I honestly haven't expected I'd ever read it. The only thing I've really understood egoism to be is a kind of consciously self-first anti-reification theory. Nobody's really explained it in a way that's made it seem more than that to me, and I'm already into non-reification via poststructuralism. It'd be interesting to finally have some closure on what it is Stirner filled all those pages with, though.

Your comments more than welcome.

4

amongstclouds wrote

Also majority of The Unique book is hilarious. He was openly mocking Hegel and dialectics itself at times.

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amongstclouds wrote (edited )

Tbh, just read Stirners Critics. It's a much more concise breakdown of what Stirner meant written in response obviously to his critics at the time. :)

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Tequila_Wolf wrote

Instead of the Unique? You're giving me a lot of reading here!

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amongstclouds wrote (edited )

I have links for days pertaining to better understanding just what Stirner was talking about. I usually tell people to read Stirners Critics before AND after reading the Unique book.

But even just reading Stirners Critics gives a great breakdown.

3

Tequila_Wolf wrote

Haha, you're probably going to have to rally the voters to vote for those because I suspect I won't manage to get to them under other likely circumstances.

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amongstclouds wrote

So much to read and so little time. Haha!

3

Tequila_Wolf wrote

Ain't that the truth.

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amongstclouds wrote

I still have a lot of Foucault and Deleuze to read. The latter scares me a bit. :s

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Tequila_Wolf wrote (edited )

I enjoy reading Deleuze, he can be pretty tough nut to crack though.

Mostly I think his (ethico-)metaphysics is gamechanging. Philosophy of difference is so cool. I'm yet to find anything better there, but I'm keeping an eye out.

5

RosaReborn wrote

I am definitely committed to whatever text we decide. I am solely a fiction reader so I want to diversify and add some lefty non-fiction, unfortunately I don't have any good suggestions besides some cornerstone classics which I haven't read yet. Perhaps we layout a schedule, rotating things like anti-capital, history/anti-colonialism, ecology, modern politics etc.

Personally I wouldn't mind by starting with the basics, Conquest of Bread, Homage to Catalonia etc. but if people have already read those then going right into things no one has yet read.

4

jadedctrl wrote

Hmm… We'll, we've already got a few non-fiction books, so I'll suggest this: The Dispossessed by Ursula K. Le Guin. Apparently, it's a semi-utopian anarchist novel. You can download copies of the e-book here.

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Tequila_Wolf wrote

It's a great book, and it's possible to get an audio version of it (along with several other books, from the pirate bay), but it is a big time commitment - the audiobook is 13.5 hours.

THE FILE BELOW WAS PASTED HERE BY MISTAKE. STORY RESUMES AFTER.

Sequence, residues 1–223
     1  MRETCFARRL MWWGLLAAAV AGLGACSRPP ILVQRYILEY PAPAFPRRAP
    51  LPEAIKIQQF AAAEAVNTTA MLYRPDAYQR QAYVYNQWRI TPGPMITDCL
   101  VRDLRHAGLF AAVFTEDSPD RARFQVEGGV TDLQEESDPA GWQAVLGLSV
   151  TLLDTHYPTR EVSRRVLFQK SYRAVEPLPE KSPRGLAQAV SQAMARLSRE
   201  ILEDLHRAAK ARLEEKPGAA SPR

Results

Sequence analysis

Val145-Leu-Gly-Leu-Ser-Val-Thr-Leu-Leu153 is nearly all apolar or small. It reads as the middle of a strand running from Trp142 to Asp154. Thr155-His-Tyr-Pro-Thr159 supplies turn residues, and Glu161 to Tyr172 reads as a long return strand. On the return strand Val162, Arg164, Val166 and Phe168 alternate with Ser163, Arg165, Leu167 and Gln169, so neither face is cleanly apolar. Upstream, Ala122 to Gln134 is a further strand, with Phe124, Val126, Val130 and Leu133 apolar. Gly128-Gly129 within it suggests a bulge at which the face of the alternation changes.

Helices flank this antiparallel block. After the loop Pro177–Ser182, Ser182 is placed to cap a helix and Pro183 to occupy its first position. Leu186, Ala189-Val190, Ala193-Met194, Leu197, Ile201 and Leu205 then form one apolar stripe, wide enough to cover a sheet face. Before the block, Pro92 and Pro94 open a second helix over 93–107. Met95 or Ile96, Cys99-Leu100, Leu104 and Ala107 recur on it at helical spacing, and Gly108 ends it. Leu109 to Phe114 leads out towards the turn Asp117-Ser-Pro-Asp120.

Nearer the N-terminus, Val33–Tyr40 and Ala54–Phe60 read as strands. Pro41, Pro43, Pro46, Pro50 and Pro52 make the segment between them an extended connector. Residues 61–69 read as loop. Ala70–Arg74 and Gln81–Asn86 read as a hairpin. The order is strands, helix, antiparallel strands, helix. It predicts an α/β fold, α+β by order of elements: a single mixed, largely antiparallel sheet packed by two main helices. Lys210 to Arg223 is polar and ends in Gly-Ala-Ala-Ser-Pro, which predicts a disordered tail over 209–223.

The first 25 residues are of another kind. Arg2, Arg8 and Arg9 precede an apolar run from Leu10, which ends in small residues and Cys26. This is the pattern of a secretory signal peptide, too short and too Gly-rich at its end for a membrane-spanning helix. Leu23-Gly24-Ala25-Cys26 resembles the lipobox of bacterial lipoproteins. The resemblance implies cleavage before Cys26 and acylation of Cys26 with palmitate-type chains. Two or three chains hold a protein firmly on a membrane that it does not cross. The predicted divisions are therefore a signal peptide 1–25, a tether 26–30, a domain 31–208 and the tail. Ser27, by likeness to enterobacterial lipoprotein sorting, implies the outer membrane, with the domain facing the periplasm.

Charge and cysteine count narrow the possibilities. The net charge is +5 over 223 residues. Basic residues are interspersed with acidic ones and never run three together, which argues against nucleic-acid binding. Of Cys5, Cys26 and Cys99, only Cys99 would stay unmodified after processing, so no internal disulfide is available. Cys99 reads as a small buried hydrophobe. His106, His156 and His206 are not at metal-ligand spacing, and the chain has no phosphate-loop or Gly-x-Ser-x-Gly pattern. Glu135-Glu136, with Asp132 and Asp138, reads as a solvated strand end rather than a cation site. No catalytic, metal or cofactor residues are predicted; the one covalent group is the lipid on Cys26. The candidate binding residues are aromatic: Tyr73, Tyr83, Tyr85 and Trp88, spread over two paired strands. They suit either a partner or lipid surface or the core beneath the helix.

4

selver wrote

I'm down for any of Tequila's suggestions.

I can't think of too many short essays right now, maybe some Kevin Carson? Been meaning to reread The Iron Fist behind the Invisible Hand.

2

Tequila_Wolf wrote

I'd love it if you made a post explaining what you see in Kevin Carson.

C4SS, "left market anarchism" and mutualism all feel like they're missing the boat to me. But maybe they aren't what I think they are.

3

selver wrote (edited )

Honestly I haven't read all that much from them, but I like the few authors from there that I do read (Carson, Gillis, Wilbur, etc.). I like the way they conceptualize capitalism and the challenges they pose to communists/socialists.

They tend to be more ruthless about the State than many other anarchists. Since they don't blame the market for capitalism they do a good job showing the ways the State is used to create economic privilege for the ruling class, whereas other anarchists can be a bit too forgiving of the state for the sake of anti-capitalism. For example when it comes to regulation.

I think they are generally good at pushing leftists to clarify what they are actually against, and what their form of social/economic organization would practically look like, for example plenty of leftists are content with saying money=capitalism=bad without separating them and explaining what's actually wrong with money, without vague mystifications. They also criticize social capital & collectivism, which are often ignored or even praised by communists. Ie. the tendency to assume numbers/money is bad, human community & informal relationships good, as if the latter doesn't have it's own, arguably worse, problems when it comes to power dynamics.

In general I like them as a challenge to my other influences, especially the other post-left folk.

edit: Also, they completely dismantle the arguments of capitalists better than leftists can, since they are more familiar with market-focused arguments. Ie. demonstrating how right-wingers, ancaps, etc. are in reality anti-competition & anti-market. Whereas leftists tend to get hung up on the definition of capitalism, and thus just talk past capitalists. I have only successfully gotten through to pro-capitalists since reading free-market anarchists.

2

Tequila_Wolf wrote (edited )

Cool, I appreciate this answer!

Seems like it would be an interesting read. I could always use some sharpening up of those arguments.

2

Tequila_Wolf wrote

New suggestions:

Against Innocence: Race, Gender, & The Politics of Safety - Jackie Wang
Zine available from anarchist audio distro with audio version (1hr21mins), short and definitely worth the read.

The Word For World Is Forest - Ursula Le Guin
Is a novella, one of her better books and short for one (the audiobook is 3 hours), and available from the pirate bay to download. Deals with colonial themes in some quite interesting ways.